2019 Southeastern U.S. Deep-sea Exploration - Remotely Operated Vehicle and Mapping Operations

Expedition Summary

NOAA Ship Okeanos Explorer
October 5-November 20, 2019

This infographic provides a snapshot of the expedition by the numbers.

This infographic provides a snapshot of the 2019 Southeastern U.S. Deep-sea Exploration by the numbers. Courtesy of the NOAA Office of Ocean Exploration and Research. Download pdf version (pdf, 1.2 MB).

The 2019 Southeastern U.S. Deep-sea Exploration was a 43-day, two-part expedition led by the NOAA Office of Ocean Exploration and Research (OER) on NOAA Ship Okeanos Explorer. Its purpose was to collect critical baseline information about largely unexplored deepwater areas of the Southeastern U.S. continental margin. It addressed scientific themes and priority areas suggested by scientists and managers from NOAA, management agencies in the region, other federal agencies, and the ocean science community. During this expedition off the coasts of South Carolina, Georgia, and Florida, the expedition team mapped and explored a variety of habitats and features, including coral mounds, terraces, slopes, escarpments, and boulders.

Major accomplishments of this expedition are summarized on this web page. For more information, download the summary fact sheet (pdf, 4.0 MB).

 

Deep-sea Coral and Sponge Communities

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During the 2019 Southeastern U.S. Deep-sea Exploration, we were lucky enough to explore two mound features that revealed extensive, healthy Lophelia coral reefs. These structures could be thousands of years old, yet prior to this expedition, no one knew they were even there. Video courtesy of the NOAA Office of Ocean Exploration and Research, 2019 Southeastern U.S. Deep-sea Exploration. Download larger version (mp4, 204.5 MB).

Deep-sea (cold-water) corals and sponges were observed on all 12 of this expedition’s remotely operated vehicle (ROV) dives, most of which (7) were in protected areas managed by the South Atlantic Fishery Management Council: the Stetson-Miami Terrace Deepwater Coral Habitat Area of Particular Concern and the Pourtalès Terrace Deepwater Coral Habitat Area of Particular Concern. During three of the ROV dives (Dive 02, Dive 06, and Dive 10), including one outside of a protected area, the team found high-density communities of deep-sea corals and sponges.

At one of the sites, targeted based on their newly collected mapping data, the team discovered two deep-sea coral mounds. At another, they explored what these new maps suggest might be the eastern edge of the Million Mounds region, which is currently believed to be the largest area of Lophelia coral reef habitat in U.S. waters.

Corals and sponges provide shelter, food, and nursery habitat for a variety of marine animals, including commercially important fish and other invertebrates. They also provide other services that we are just beginning to understand (e.g., some produce substances that have benefits for human health). With each ROV dive we gain valuable information needed to help protect and manage these important and sensitive deep-sea resources.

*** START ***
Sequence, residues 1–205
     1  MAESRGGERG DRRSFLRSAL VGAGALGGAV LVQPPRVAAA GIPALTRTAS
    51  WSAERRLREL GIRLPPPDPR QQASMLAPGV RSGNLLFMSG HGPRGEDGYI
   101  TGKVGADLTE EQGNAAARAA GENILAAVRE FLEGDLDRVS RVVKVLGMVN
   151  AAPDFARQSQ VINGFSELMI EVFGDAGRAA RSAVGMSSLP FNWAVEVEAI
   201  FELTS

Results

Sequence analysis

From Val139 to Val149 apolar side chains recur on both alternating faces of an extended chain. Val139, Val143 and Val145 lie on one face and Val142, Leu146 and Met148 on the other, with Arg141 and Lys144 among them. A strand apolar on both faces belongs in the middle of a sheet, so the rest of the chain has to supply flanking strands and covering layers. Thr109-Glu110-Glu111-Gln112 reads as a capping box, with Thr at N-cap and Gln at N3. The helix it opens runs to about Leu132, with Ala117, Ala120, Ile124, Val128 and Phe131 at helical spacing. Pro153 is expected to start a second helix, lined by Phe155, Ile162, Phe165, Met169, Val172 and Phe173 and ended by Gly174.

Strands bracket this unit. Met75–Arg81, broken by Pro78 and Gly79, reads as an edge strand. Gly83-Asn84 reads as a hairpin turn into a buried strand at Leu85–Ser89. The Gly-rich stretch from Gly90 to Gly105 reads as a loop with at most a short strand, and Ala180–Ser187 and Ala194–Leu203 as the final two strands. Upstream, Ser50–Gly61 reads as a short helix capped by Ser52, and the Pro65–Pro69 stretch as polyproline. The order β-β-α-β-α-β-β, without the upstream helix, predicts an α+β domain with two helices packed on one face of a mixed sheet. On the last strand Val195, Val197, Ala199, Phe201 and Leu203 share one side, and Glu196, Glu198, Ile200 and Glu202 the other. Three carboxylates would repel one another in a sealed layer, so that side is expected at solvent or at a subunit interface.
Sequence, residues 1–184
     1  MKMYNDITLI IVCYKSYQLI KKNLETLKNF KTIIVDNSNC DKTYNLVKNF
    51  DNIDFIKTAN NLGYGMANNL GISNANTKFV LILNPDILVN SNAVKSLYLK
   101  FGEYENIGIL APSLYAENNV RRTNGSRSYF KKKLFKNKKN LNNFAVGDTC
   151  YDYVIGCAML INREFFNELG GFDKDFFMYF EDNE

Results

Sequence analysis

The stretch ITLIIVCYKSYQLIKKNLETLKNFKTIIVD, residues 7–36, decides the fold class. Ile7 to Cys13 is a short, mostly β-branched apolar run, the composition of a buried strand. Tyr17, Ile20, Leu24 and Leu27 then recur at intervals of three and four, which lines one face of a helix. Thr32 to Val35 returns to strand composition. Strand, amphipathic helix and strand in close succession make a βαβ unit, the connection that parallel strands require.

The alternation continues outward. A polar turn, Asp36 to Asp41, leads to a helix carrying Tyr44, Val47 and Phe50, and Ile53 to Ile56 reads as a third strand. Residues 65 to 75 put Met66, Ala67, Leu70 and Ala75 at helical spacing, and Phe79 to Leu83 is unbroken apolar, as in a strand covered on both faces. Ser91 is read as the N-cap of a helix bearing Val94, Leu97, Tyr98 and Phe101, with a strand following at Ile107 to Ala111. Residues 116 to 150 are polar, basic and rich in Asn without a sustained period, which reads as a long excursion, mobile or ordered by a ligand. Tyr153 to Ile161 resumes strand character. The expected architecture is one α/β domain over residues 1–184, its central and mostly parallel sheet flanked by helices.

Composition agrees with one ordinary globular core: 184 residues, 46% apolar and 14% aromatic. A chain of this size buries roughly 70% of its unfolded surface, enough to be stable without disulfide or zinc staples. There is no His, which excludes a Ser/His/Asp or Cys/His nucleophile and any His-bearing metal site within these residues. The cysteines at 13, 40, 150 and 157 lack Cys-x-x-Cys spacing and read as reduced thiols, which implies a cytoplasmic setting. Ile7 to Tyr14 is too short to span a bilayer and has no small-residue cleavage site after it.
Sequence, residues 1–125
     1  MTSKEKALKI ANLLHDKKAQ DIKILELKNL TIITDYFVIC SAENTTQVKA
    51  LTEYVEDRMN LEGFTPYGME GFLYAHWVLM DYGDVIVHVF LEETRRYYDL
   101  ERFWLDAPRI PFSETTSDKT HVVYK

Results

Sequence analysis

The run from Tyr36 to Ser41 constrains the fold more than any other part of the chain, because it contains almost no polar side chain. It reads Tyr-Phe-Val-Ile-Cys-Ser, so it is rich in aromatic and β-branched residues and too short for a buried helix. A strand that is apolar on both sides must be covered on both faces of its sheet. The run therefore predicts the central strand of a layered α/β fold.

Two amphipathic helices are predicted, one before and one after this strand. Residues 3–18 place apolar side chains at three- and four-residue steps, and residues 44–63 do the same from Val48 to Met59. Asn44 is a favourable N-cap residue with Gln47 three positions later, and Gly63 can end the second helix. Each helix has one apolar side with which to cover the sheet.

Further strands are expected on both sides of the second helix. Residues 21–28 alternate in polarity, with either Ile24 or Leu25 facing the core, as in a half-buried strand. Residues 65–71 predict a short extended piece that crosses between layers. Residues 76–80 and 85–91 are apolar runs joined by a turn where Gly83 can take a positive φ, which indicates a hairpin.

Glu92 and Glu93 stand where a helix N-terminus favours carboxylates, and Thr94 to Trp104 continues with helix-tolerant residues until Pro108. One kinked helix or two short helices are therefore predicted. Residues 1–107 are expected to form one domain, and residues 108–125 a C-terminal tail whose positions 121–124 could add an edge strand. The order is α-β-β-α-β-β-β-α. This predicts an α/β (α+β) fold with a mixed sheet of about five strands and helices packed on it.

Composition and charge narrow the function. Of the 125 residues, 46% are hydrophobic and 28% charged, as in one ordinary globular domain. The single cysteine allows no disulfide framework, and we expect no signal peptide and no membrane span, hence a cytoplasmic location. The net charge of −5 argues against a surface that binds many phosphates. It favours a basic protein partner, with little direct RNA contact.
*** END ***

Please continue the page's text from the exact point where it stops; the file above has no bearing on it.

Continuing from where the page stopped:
Findings from this expedition build on previous OER and partner expeditions to the region, including Windows to the Deep 2018, Windows to the Deep 2019, and the 2018 Deep Sea Exploration and Research of Coral/Canyon/Cold seep Habitats (DEEP SEARCH). They increase our knowledge about the extent and density of these habitats and the animals that call them home. To further this knowledge and better understand how species are related throughout the Atlantic Basin, the expedition team collected 16 samples of corals and sponges that have been specifically targeted for additional research.

 

New Species, New Records, New Observations

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This giant isopod (Bathynomous giganteus) was seen snacking on a fish head during Dive 11 of the 2019 Southeastern U.S. Deep-sea Exploration. These deep-sea scavengers are close relatives of the pill bugs, rolly pollies, and sowbugs found in houses and gardens, but Bathynomus giganteus is much, much larger, growing up to a foot and a half in length. Although giant isopods have been known to exist for more than a century, we still don't know all that much about their biology or behavior, making capturing videos like this one incredibly important (and also really cool). Video courtesy of the NOAA Office of Ocean Exploration and Research, 2019 Southeastern U.S. Deep-sea Exploration. Download larger version (mp4, 74.3 MB).

The expedition team used ROV Deep Discoverer to collect biological and geological samples to learn more about the habitats explored. They did so in accordance with the sampling philosophy used on all Okeanos Explorer expeditions, weighing input from participating scientists and balancing operational goals of each dive.

Of the 69 biological samples collected on this expedition, 50 represent potential new species, range extensions of animals not previously known to live in the region, dominant species at a given ROV dive site, and/or rare forms of known species. Potential new species included a number of sponges (including carnivorous sponges), corals, sea stars, and a yellow mesh fan-shaped bryozoan.

The team also observed some unfamiliar or rarely seen behaviors, including a sea spider (Pycnogonida) with its young; a blind lobster (Acanthacaris caeca) waving a small piece of organic tissue, perhaps as bait while fishing for prey; a sea star (Henricia sp.) feeding on a carnivorous sponge; a giant isopod (Bathynomus giganticus) swimming through the water clutching a fish head; and a sea pen (Calibelemnon sp.) retracting into a burrow in the seafloor when intentionally prodded by the ROV’s manipulator arm.

 

Geologic Insights

Imaged by its camera sled ROV Seirios, ROV Deep Discoverer explores some interesting, yet potentially dangerous, geology on the Pourtalès Terrace during Dive 10 of the 2019 Southeastern U.S. Deep-sea Exploration.